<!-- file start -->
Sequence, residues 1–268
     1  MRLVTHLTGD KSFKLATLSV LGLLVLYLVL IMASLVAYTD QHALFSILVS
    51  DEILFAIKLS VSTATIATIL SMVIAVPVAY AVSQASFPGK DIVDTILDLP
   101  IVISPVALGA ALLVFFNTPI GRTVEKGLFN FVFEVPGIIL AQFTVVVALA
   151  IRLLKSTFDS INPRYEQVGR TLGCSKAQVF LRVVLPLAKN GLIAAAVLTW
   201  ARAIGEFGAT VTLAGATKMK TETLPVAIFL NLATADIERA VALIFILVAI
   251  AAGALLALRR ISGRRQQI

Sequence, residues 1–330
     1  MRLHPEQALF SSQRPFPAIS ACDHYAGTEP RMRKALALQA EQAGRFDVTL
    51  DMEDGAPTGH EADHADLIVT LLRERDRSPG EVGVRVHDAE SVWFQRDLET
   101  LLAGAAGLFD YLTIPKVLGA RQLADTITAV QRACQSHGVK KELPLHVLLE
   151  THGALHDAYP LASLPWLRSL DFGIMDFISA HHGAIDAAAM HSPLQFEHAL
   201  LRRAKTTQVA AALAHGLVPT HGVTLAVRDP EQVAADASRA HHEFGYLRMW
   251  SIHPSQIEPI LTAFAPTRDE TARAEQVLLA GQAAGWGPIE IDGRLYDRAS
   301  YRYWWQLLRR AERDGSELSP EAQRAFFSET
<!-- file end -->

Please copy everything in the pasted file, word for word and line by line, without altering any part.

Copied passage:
Sequence, residues 1–268
     1  MRLVTHLTGD KSFKLATLSV LGLLVLYLVL IMASLVAYTD QHALFSILVS
    51  DEILFAIKLS VSTATIATIL SMVIAVPVAY AVSQASFPGK DIVDTILDLP
   101  IVISPVALGA ALLVFFNTPI GRTVEKGLFN FVFEVPGIIL AQFTVVVALA
   151  IRLLKSTFDS INPRYEQVGR TLGCSKAQVF LRVVLPLAKN GLIAAAVLTW
   201  ARAIGEFGAT VTLAGATKMK TETLPVAIFL NLATADIERA VALIFILVAI
   251  AAGALLALRR ISGRRQQI

Sequence, residues 1–330
     1  MRLHPEQALF SSQRPFPAIS ACDHYAGTEP RMRKALALQA EQAGRFDVTL
    51  DMEDGAPTGH EADHADLIVT LLRERDRSPG EVGVRVHDAE SVWFQRDLET
   101  LLAGAAGLFD YLTIPKVLGA RQLADTITAV QRACQSHGVK KELPLHVLLE
   151  THGALHDAYP LASLPWLRSL DFGIMDFISA HHGAIDAAAM HSPLQFEHAL
   201  LRRAKTTQVA AALAHGLVPT HGVTLAVRDP EQVAADASRA HHEFGYLRMW
   251  SIHPSQIEPI LTAFAPTRDE TARAEQVLLA GQAAGWGPIE IDGRLYDRAS
   301  YRYWWQLLRR AERDGSELSP EAQRAFFSET